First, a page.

Palestine’s Olympic Triumph III – Woroud!

As one of the five Palestinian athletes competing at the Olympics here in London (plus two others in the Paralympics later this month), Woroud Sawalha said it all, after she competed in the 800-metre track event today. Although finishing last in her heat, she told Toronto’s Globe and Mail, “My target was to make a new record for myself and for Palestine. I got it!”

Woroud Sawalha runs in her women’s 800-metre, round one heat at the London 2012 Olympic Games at the Olympic Stadium on Wednesday, 8 August. Picture: Reuters.

A 20-year-old university student from Asira ash-Shamaliya, near Nablus, she has had to train in places like Egypt, Qatar and Jordan because of the lack of suitable facilities in Palestine. Undaunted, she says that her experience in London is just the beginning. “I hope I will do well in the future. The Olympic Games is a first step for me.”

With each of her fingernails decorated with a tiny Palestinian flag, she adds that “My dream is to do something for Palestine and to show the world that Palestine deserves to live and stand on the podium.”

Congratulations to Maher, Sabine, Ahmed and Baha, too, their coaches and officials who helped to put Palestine “on the map,” in one of the world’s most exciting, and inspiring, events!


© Pamela Ann Smith
This is a publication of and is protected by international copyright laws. This article is for the reader’s personal use only, but may be re-distributed electronically with a credit to


Palestine’s Olympic Triumph II

Here’s more pictures, following on from the story last week about the Palestinian Olympic team, below, which has gone round the world!

Members of Palestine’s Olympic team, including the two track athletes, Baha’a Al Farra (men’s 400m) and Woroud Sawalha (women’s 800m) as well as swimmer Sabine Hazboun, parade during the opening ceremony on Friday, 27 July. Photograph: Reuters

. . . And the team, coaches and officials being received at London City Hall by MP Jeremy Corbyn and supporters just prior to the opening of the Games. They were one of the few national teams to be scored such an honour.

The team being welcomed to the offices of London’s mayor and assembly, 26 July.

Coming up: The Paralympics, which start here in London on Wednesday, 29 August, where two athletes from Gaza, Khamis Zakout and Muhammad Fanouna, will be competing.

Here’s a picture of javelin thrower, Hussam Fares Azzam, who made history when he won Palestine’s first ever Olympic medal at the Paralympic Games in Sydney in 2000, and then followed this up by winning a silver medal in Athens in 2004!

Hussam Fares Azzam, training in Gaza. Photograph:

By the way, the theme picture above shows the first Gaza Marathon, held in 2011. (See Gaza Marathon, Archives, June, 2011. It was won earlier this year by runner Nader al-Masri, who carried the Palestinian flag in Athens. (See Editor’s Note, 4 July, below.)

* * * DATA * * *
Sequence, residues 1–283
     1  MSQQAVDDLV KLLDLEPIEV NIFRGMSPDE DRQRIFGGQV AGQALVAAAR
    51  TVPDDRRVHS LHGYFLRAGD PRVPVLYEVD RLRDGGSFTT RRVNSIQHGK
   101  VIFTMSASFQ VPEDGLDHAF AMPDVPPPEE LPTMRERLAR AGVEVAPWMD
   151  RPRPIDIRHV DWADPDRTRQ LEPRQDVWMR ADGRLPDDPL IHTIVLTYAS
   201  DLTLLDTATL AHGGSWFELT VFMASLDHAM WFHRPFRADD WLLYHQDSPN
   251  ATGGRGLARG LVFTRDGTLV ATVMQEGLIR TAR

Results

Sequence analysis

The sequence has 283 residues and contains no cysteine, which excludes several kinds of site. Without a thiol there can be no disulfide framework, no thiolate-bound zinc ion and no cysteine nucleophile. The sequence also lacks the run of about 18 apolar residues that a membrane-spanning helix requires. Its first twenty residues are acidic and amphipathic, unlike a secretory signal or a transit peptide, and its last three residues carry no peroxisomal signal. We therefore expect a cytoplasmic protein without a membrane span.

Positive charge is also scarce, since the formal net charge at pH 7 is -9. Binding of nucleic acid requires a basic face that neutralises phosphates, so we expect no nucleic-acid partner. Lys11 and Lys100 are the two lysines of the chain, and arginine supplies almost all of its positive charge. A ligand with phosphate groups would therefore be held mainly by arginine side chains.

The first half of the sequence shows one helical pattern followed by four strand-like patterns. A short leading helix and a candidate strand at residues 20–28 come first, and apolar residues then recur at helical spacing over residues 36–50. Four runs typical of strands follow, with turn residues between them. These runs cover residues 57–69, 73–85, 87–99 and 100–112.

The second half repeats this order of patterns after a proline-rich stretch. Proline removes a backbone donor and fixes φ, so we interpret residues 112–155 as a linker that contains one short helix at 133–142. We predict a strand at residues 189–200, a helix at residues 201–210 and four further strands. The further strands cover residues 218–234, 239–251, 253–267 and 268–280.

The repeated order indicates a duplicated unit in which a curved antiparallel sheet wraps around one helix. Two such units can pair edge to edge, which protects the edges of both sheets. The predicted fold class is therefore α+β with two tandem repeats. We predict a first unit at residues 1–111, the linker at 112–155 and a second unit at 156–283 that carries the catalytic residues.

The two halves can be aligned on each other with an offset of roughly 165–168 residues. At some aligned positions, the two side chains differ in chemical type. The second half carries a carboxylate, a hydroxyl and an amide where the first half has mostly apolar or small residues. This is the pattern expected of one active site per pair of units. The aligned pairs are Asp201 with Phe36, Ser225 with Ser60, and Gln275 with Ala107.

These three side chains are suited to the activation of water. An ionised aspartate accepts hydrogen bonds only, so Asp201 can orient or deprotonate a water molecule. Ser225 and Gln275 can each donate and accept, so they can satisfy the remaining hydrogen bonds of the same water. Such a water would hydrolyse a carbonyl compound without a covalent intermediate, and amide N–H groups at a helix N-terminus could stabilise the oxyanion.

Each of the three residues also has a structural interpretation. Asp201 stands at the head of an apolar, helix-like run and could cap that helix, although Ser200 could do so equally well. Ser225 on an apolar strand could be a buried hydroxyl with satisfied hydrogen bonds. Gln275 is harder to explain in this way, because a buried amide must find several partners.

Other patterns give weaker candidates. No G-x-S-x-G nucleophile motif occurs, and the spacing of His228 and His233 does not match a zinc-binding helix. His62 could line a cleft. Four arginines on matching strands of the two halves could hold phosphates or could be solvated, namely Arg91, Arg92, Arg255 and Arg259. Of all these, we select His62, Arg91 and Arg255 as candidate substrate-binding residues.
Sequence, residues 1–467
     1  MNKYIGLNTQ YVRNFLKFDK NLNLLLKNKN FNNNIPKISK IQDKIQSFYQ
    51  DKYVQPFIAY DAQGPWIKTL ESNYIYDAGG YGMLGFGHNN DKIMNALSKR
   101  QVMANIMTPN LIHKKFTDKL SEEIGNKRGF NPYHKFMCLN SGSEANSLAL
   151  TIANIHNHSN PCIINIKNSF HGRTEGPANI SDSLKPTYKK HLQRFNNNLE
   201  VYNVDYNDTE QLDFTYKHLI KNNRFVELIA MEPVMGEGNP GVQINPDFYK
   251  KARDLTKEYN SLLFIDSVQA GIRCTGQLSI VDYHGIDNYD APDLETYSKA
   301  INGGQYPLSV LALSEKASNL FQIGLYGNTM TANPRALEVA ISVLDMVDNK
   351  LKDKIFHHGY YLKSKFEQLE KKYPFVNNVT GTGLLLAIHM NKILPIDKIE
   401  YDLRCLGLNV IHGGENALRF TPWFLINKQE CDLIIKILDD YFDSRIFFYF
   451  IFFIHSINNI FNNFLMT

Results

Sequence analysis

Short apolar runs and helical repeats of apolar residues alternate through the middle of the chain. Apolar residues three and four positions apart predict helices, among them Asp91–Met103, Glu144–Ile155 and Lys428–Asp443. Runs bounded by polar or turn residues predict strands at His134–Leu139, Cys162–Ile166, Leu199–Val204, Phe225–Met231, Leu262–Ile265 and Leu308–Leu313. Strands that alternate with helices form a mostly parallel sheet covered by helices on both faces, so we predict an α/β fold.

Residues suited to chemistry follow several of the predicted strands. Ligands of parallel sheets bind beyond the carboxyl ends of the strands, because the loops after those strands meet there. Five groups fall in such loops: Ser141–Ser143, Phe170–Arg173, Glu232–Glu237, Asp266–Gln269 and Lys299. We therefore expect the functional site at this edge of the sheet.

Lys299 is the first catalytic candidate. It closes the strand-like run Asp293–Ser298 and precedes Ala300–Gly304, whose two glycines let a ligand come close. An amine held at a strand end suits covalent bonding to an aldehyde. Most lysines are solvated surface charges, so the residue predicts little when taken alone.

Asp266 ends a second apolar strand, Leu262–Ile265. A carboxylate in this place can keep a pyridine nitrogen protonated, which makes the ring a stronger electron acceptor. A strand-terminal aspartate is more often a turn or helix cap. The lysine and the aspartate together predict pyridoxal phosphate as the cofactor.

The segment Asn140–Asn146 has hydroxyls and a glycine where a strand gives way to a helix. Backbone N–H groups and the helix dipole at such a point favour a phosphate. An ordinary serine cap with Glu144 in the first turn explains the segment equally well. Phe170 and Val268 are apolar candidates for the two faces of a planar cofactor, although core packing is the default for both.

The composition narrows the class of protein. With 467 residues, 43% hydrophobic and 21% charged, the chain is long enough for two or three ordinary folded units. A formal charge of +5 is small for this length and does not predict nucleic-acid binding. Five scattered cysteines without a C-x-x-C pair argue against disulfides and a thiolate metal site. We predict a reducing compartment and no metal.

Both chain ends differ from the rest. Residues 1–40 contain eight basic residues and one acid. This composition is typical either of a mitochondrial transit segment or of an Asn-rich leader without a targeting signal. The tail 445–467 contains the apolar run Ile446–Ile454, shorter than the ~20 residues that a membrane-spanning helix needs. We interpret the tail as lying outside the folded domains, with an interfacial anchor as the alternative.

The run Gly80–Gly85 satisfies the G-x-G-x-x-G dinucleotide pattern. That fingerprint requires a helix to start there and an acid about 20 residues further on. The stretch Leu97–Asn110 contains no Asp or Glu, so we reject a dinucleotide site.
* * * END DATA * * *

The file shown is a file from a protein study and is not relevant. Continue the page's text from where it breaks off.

Thanks for looking!


© Pamela Ann Smith

This is a publication of and is protected by international copyright laws. This article is for the reader’s personal use only, but may be re-distributed electronically with a credit to

Palestine’s Olympic Triumph

Even before the opening ceremony here in London tonight, Palestine’s Olympic team has triumphed. Not only does the team of five include the first-ever athlete, judoko Maher Abu Rmeilah, to pass the stringent qualification tests, the group of five, their coaches and Palestine Olympic Committee officials are winning hearts, and minds, in one of the world’s largest, and most sophisticated, cities. Over the next two weeks, as some 4 billion people around the world follow the Games, the team, whose first event starts Saturday, 28 July, can expect to score even more victories as they help to put Palestine “on the map.” (See the schedule, below.)

Palestinian judoka Maher Abu Rmeilah, who trains at the Al Quds sports club in East Jerusalem. Photograph: Gail Tibbon, The Guardian

Not long after their arrival in the capital, the group was met by a huge crowd in the west London borough of Hounslow, as it hosted the Olympic torch relay, on the final days of its tour around 95 per cent of Great Britain. Hounslow is twinned with Palestine’s administrative capital, Ramallah, and both the borough’s mayor, Councillor Pritam Grewal, and its residents seemed eager to combine their moment in the UK’s spotlight with the team. Scores of pictures were taken as Palestine’s athletics coach, Majed Abu Marahil, officially presented the Mayor with a gift on behalf of all Palestinians. On Friday, the Olympians were received by about 60 enthusiasts at no less a centre of attention than London City Hall itself.

Palestinian Olympic athletes and officials joined the Mayor of Hounslow, Councillor Pritam Grewal, on Tuesday, 24 July, to welcome the Olympic torch to the London borough. Credit: Hounslow Ramallah Twinning Association.

The team consists of Abu Rmeilah, and four others who have been invited by the International Olympic Committee: Baha Al-Farra, a 400-metre runner; Woroud Sawalha, an 800-metre runner; Sabine Hazboun, a 50-metre freestyle swimmer and Ahmed Jibril (Ahmed Gebril, in Egyptian), who is also competing in the 50-metre freestyle swimming. Like all of his teammates, Al-Farra, who lives in Gaza, has had to train despite the lack of proper facilities and financial resources, as well as Israel’s restrictions on movement in East Jerusalem and the occupied territories, a situation that means many cannot reach their full potential. But he is happy to be representing his nation.

Sabine Hazboun and Ahmed Jibril, both competing in the 50-meter freestyle swimming. Picture courtesy of

“It’s a beautiful feeling, both as an athlete and a Palestinian,” he told The Guardian in London. “I will be taking a message from the Palestinians to the greatest games on earth: that Palestine exists despite our difficult circumstances.” Continue reading